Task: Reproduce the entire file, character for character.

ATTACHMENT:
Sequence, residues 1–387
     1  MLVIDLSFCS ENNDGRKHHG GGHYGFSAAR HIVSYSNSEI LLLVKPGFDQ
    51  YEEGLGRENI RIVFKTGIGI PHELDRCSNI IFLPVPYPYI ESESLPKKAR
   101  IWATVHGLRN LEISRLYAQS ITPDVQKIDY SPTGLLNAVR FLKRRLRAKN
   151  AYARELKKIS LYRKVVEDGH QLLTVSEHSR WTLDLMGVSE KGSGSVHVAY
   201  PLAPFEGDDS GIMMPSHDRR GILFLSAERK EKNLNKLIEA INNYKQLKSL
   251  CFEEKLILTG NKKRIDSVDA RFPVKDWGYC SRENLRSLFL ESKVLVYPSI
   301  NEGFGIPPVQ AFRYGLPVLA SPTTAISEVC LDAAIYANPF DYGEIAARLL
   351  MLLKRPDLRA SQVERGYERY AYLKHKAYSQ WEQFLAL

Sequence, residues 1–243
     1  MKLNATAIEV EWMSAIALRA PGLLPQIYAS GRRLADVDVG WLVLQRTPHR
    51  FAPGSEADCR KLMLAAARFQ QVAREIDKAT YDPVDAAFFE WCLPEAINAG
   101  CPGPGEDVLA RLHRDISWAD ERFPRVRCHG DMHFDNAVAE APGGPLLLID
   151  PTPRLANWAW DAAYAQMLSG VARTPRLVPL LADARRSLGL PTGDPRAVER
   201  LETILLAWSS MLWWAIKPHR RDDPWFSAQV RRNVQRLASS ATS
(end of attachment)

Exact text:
Sequence, residues 1–387
     1  MLVIDLSFCS ENNDGRKHHG GGHYGFSAAR HIVSYSNSEI LLLVKPGFDQ
    51  YEEGLGRENI RIVFKTGIGI PHELDRCSNI IFLPVPYPYI ESESLPKKAR
   101  IWATVHGLRN LEISRLYAQS ITPDVQKIDY SPTGLLNAVR FLKRRLRAKN
   151  AYARELKKIS LYRKVVEDGH QLLTVSEHSR WTLDLMGVSE KGSGSVHVAY
   201  PLAPFEGDDS GIMMPSHDRR GILFLSAERK EKNLNKLIEA INNYKQLKSL
   251  CFEEKLILTG NKKRIDSVDA RFPVKDWGYC SRENLRSLFL ESKVLVYPSI
   301  NEGFGIPPVQ AFRYGLPVLA SPTTAISEVC LDAAIYANPF DYGEIAARLL
   351  MLLKRPDLRA SQVERGYERY AYLKHKAYSQ WEQFLAL

Sequence, residues 1–243
     1  MKLNATAIEV EWMSAIALRA PGLLPQIYAS GRRLADVDVG WLVLQRTPHR
    51  FAPGSEADCR KLMLAAARFQ QVAREIDKAT YDPVDAAFFE WCLPEAINAG
   101  CPGPGEDVLA RLHRDISWAD ERFPRVRCHG DMHFDNAVAE APGGPLLLID
   151  PTPRLANWAW DAAYAQMLSG VARTPRLVPL LADARRSLGL PTGDPRAVER
   201  LETILLAWSS MLWWAIKPHR RDDPWFSAQV RRNVQRLASS ATS